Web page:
Sargsyan Urges Clean Elections Supports Kocharian

YEREVAN (RFE/RL)–The influential Defense Minister Vazgen Sargsyan urged political opponents on Saturday to cooperate with his Republican Party of Armenia to make sure the upcoming parliamentary elections are free and fair. He also sharply denied rumors about growing differences with President Robert Kocharian–saying that his political ambitions do not go beyond his current post.

"You have no reason to mistrust us–the Yerkrapah Union and the Republican Party have never handled elections," Sargsyan announced speaking at the first congress of the Republican Party. "We assume our big share of responsibility for the elections’ cleanness. So let us sit and talk about every aspect of their handling," he urged Armenia’s other major parties.

The remarks came amid growing opposition concern about Sargsyan’s loyalists resorting to illegal means to maintain their control over most government bodies in Armenia. That concern is exacerbated by the government-controlled parliament’s expected passage of a new elections condemned as undemocratic by the opposition.

"I must make it clear that [a victory in] the upcoming elections (due in May) will not be a super-goal for the Republican Party. No election is worth splits and animosity among the people," Sargsyan said. He went on to claim that frequent elections held in Armenia’since 1995 (all marred with serious irregularities) have excessively polarized the society. He said the resulting bickering among leading political parties has in turn led to protracted internal strife and "desperation" among ordinary Armenia’s. However–he did not propose any concrete steps to rule out election fraud–which has come to be a dominant issue in Armenian politics.

"In Armenia–elections can’t be absolutely fair because we are a small state–most people know each other and personal sympathy and antipathy are extremely significant," the defense minister said. The opposition has alleged that Sargsyan’s Yerkrapah was the main instrument behind irregularities during last year’s presidential election–which the Organization for Security and Cooperation said did not meet its standards.

Yerkrapah’s formal transformation into a political party–the Republican Party of Armenia–has led to speculations that Sargsyan sees a greater political role for himself. Yerkrapah currently holds a majority in the National Assembly–controls several ministries and most local self-government bodies. Kocharian has called the Republican Party a "reliable support base." Sargsyan on Saturday insisted that he wants to focus on his current job only.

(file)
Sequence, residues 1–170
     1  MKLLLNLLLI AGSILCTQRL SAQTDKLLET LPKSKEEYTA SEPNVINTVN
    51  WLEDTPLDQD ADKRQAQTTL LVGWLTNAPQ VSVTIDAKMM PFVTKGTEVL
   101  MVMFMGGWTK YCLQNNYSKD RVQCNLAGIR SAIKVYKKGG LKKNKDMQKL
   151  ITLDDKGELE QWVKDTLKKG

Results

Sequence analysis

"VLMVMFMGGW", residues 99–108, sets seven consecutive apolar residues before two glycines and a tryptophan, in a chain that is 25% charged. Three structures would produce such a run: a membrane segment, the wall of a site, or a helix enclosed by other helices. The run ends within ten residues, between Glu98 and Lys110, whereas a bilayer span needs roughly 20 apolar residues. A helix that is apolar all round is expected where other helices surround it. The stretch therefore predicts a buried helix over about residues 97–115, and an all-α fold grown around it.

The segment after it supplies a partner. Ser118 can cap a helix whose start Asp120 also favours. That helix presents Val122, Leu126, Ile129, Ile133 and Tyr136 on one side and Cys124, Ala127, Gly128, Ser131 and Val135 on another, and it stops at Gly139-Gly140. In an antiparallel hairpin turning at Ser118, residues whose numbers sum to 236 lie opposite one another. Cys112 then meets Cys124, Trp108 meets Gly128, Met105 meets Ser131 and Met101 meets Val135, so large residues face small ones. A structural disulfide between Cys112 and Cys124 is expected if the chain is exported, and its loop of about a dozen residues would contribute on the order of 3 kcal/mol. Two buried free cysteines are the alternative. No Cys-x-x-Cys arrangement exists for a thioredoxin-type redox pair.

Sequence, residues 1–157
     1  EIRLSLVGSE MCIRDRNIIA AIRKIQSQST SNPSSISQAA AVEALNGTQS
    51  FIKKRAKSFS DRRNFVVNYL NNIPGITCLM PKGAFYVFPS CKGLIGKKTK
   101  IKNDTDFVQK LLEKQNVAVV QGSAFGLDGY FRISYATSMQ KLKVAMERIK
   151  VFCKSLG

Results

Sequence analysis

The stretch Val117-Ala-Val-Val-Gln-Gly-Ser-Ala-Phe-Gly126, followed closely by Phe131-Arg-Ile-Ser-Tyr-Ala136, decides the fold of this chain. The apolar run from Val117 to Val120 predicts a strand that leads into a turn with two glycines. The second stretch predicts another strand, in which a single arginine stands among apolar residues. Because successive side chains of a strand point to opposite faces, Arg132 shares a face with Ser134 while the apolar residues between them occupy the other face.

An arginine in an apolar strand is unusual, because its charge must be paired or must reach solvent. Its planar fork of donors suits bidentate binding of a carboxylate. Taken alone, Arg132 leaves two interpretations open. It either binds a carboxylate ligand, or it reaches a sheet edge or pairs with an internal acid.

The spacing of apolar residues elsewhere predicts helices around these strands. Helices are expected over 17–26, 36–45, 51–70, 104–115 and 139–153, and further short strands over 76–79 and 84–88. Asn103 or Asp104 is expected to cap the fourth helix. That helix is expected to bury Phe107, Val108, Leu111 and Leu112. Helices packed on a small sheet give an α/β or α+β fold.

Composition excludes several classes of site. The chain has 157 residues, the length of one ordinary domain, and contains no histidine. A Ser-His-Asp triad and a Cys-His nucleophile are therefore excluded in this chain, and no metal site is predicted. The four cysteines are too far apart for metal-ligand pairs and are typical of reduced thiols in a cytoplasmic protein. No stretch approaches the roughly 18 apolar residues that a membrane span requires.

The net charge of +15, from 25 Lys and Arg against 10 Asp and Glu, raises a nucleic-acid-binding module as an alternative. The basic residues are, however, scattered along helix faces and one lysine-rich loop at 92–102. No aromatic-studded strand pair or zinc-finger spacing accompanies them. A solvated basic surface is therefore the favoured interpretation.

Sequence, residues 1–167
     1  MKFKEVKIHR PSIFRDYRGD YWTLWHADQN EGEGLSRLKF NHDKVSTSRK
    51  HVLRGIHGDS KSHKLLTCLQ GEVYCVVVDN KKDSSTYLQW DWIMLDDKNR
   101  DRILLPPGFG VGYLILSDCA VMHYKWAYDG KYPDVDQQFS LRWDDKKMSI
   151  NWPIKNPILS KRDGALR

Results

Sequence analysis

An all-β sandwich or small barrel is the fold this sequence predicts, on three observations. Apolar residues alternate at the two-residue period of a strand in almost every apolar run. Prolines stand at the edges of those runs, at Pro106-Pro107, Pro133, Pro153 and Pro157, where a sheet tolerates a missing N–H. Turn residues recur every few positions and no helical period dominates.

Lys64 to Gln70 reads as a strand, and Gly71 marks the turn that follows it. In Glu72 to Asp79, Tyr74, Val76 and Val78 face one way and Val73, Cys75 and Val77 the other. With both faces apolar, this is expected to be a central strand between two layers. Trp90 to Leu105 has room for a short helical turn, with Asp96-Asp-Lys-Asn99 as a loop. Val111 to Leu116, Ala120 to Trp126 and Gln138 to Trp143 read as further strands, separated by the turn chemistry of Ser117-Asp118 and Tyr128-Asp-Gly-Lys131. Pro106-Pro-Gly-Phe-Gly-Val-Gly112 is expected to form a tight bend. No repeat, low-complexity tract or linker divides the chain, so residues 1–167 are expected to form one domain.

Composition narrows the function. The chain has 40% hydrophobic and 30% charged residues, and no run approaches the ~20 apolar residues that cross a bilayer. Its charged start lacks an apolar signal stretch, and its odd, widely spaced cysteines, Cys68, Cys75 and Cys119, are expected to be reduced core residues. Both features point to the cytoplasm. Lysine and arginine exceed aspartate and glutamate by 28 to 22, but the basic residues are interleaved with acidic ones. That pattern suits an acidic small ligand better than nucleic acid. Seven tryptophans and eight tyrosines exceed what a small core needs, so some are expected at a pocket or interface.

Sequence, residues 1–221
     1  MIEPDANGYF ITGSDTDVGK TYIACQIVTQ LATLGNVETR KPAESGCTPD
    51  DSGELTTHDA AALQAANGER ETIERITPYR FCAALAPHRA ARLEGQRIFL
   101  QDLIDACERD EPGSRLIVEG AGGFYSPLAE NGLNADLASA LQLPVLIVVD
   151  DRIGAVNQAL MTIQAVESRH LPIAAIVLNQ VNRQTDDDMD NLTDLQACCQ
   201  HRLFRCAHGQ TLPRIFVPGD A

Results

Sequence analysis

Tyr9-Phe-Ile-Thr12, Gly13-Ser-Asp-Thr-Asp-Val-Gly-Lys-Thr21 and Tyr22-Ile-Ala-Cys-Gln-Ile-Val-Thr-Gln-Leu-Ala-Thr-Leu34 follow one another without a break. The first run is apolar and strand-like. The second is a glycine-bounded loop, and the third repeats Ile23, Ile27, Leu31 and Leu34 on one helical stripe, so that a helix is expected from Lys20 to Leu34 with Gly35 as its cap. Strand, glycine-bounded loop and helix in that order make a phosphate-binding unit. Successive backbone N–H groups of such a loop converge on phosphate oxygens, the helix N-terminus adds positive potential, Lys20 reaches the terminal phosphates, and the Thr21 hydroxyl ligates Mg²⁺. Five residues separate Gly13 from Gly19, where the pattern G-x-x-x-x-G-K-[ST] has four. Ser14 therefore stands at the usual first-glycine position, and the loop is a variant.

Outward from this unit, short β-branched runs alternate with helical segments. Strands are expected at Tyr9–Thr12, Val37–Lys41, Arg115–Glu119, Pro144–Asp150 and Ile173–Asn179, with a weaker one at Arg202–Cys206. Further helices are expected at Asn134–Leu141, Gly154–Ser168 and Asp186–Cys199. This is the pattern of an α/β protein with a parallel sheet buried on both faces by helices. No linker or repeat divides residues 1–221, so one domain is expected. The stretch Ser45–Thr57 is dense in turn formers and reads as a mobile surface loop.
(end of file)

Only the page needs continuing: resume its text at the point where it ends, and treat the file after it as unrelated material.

"Robert Kocharian and myself are close friends–and I will never turn against him. Another pre-term presidential election would be destructive for this country," Sargsyan said. "I want to state it once and for all: I don’t want to be president or prime minister. I want to remain defense minister. I believe I’m a good defense minister and there is a lot of work to be done," he added.

Sargsyan further noted that his political role in the past several years has been to "stand in between the society and army" to prevent the latter’s involvement in politics. "I am against the army’s polarization–I am against the Turkish variant," he said.

"My role [in government] has been unjustly exaggerated. Neither under [the former President] Levon Ter-Petrosyan–nor under Robert Kocharian have I participated in economic and staffing policy making. I have worked with seven prime ministers and had conflicts with none of them," Sargsyan said.

In another important statement–Sargsyan dismissed as "ridiculous" claims that he played the key role in forcing ex-president Ter-Petrosyan into resignation one year ago. "If Levon Ter-Petrosyan had decided not to quit–nobody would have forced him to. I would have resigned if he had decided so." He said he still "respect[s] and appreciate[s]" Ter-Petrosyan–who he described as a "wise and moral person."

Sargsyan’s long speech was cheered by more than one thousand Republican delegates ending their two-day congress which elected the party’s board and its chairman–parliament deputy Andranik Markarian. The defense minister will be the party’s unofficial leader. Among members of the Republican Party board are–David Zadoyan–the minister for territorial self-rule–Smbat Ayvazian–head of the government’s tax department–and Albert Bazeyan–deputy speaker of parliament.

"This party has not been set up against other parties," Sargsyan announced. He complained that many Armenia’s underestimated their "greatest and long-lasting achievemen’s over the past century" despite numerous tragic events. "We are entering the 21st century with a positive balance: an independent statehood–liberated Artsakh (Nagorno-Karabakh) and military victories we hadn’t had for centuries."

"In reality–we are much better than we are portraying ourselves to the world. Armenia was never so close to an ultimate victory. We must draw lessons from our mistakes but we must not expose only our bad sides to the people and the world," Sargsyan said. "This movement intends to put together all the positive things accumulated over the past century–and by adding a social liberalism to these absolute values get Armenia on its feet," he added.

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